All Articles Tagged "2012 Presidential Election"
From Black Voices
Now that the presidential campaign has finally come to a close, it is a great opportunity to reflect on some of the blatantly racist moments that took place during this epicly bitter campaign.
In 2008 Barack Obama became the first African-American to become President of the United States, and perhaps it was that fact alone which paved the way for the kind of attacks that past presidents never had to endure.
Check out the slideshow at Black Voices
From Hello Beautiful
While the economy, immigration, Libya, job creation and gun control figured prominently in the 2012 U.S. presidential debates, it has been women’s issues-related questions that have prompted lots of attention. The battle for women’s votes has helped to shape each candidate’s platform.
As we quickly approach the homestretch, here’s a look at where Democratic President Barack Obama and Republican presidential rival Mitt Romney stand on women’s health.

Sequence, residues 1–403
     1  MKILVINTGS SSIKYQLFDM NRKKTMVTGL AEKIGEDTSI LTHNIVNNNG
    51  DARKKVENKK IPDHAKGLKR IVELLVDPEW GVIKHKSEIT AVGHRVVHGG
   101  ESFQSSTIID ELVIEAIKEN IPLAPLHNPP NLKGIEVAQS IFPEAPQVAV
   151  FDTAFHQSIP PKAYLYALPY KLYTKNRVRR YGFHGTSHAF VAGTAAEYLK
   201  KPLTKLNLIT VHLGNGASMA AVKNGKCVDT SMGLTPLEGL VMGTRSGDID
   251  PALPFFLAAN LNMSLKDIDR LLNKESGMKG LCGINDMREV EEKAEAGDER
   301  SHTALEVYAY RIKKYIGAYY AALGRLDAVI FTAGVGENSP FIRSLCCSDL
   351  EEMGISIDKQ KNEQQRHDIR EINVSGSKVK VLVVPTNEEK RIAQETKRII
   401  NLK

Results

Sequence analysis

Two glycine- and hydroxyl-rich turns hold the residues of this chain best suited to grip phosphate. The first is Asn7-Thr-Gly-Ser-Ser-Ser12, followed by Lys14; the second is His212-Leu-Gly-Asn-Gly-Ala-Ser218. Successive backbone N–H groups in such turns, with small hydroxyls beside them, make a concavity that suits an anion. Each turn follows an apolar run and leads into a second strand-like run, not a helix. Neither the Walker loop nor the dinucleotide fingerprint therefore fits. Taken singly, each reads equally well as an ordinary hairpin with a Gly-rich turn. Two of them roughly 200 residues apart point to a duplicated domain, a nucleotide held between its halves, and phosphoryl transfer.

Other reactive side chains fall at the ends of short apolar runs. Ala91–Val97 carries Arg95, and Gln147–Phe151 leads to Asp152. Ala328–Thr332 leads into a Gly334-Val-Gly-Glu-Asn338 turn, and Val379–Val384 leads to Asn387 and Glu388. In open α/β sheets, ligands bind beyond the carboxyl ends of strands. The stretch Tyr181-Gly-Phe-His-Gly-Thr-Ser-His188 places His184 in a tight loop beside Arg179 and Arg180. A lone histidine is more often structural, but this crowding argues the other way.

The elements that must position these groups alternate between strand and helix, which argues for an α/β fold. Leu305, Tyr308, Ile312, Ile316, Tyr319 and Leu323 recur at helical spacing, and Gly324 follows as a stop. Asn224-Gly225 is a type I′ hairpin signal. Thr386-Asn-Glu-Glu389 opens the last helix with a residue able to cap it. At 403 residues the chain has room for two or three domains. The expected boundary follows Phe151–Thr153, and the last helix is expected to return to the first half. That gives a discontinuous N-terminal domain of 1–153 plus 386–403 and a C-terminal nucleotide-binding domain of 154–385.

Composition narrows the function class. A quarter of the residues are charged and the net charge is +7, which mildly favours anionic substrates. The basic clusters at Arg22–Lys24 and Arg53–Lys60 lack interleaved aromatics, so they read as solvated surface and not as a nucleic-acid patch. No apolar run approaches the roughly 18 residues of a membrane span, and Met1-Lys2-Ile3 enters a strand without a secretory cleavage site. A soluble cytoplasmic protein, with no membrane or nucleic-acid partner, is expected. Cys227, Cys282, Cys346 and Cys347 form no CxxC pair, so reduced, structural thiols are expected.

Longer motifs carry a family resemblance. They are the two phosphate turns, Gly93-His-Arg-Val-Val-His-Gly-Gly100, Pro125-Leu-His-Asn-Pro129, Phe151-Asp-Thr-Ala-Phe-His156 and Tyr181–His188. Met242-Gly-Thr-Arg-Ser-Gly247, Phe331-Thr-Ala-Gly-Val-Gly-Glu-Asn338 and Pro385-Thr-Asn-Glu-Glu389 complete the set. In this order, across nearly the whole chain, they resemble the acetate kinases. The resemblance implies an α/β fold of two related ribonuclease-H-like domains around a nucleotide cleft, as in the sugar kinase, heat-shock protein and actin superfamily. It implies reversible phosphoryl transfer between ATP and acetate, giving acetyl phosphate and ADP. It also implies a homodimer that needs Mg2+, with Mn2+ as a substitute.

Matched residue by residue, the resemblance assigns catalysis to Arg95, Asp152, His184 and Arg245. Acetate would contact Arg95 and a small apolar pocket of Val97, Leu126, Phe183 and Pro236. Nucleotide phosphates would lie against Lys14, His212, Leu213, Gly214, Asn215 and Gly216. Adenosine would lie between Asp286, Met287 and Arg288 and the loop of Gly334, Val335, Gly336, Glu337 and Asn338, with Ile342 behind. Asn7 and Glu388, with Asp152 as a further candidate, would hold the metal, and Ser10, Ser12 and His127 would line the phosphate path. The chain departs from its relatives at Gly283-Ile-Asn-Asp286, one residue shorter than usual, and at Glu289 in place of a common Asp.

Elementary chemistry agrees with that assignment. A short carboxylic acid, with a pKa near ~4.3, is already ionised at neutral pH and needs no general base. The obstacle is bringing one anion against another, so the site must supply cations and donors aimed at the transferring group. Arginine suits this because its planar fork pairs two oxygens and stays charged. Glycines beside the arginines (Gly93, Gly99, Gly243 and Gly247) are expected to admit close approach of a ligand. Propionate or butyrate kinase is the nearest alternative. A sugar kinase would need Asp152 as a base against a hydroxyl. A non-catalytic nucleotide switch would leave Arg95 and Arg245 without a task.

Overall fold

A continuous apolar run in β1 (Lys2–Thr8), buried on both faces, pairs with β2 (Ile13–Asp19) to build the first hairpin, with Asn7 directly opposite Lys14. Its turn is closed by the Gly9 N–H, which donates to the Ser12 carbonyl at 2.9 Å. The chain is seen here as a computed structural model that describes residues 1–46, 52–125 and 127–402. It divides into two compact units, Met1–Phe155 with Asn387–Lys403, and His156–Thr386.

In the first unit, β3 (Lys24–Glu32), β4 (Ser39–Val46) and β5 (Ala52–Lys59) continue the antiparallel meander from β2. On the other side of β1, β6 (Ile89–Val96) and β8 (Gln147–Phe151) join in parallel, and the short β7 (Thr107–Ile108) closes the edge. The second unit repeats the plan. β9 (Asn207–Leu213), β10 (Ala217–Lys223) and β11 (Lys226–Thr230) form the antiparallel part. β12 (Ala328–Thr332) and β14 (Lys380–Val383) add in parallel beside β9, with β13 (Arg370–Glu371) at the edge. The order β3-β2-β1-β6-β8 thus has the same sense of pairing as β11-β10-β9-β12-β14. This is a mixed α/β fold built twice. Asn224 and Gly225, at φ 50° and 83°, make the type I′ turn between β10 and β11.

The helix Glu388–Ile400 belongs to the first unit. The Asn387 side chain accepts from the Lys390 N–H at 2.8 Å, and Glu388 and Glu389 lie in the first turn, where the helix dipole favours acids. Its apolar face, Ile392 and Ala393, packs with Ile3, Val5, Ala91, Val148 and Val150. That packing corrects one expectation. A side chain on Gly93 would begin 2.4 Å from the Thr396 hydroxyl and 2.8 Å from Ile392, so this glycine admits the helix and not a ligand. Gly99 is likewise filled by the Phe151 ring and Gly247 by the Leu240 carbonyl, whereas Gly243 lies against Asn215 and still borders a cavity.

Read more at Hello Beautiful
Republican presidential candidate Mitt Romney is pulling in a new strategy to reach African American voters. According to The Root, Romney recently hired Tara Wall, a former reporter and Republican National Committee senior adviser George W Bush appointee. Wall will now act as Romney’s senior communications adviser for relations with African Americans.
In her new position, Wall represents the most senior African American on Romney’s team. Before joining Romney’s team, she spent 13 years as a news reporter, anchor and host for ABC, NBC and CBS affiliates in Michigan. She was the mastermind behind CBS Detroit’s Street Beat, a weekly half-hour political talk show. As a reporter she was the first to report the Mayor’s Memo scandal involving former Detroit mayor Kwame Kilpatrick and governor-elect Jennifer Granholm in 2002. She was also the conservative columnist and deputy editorial page editor for the Washington Times.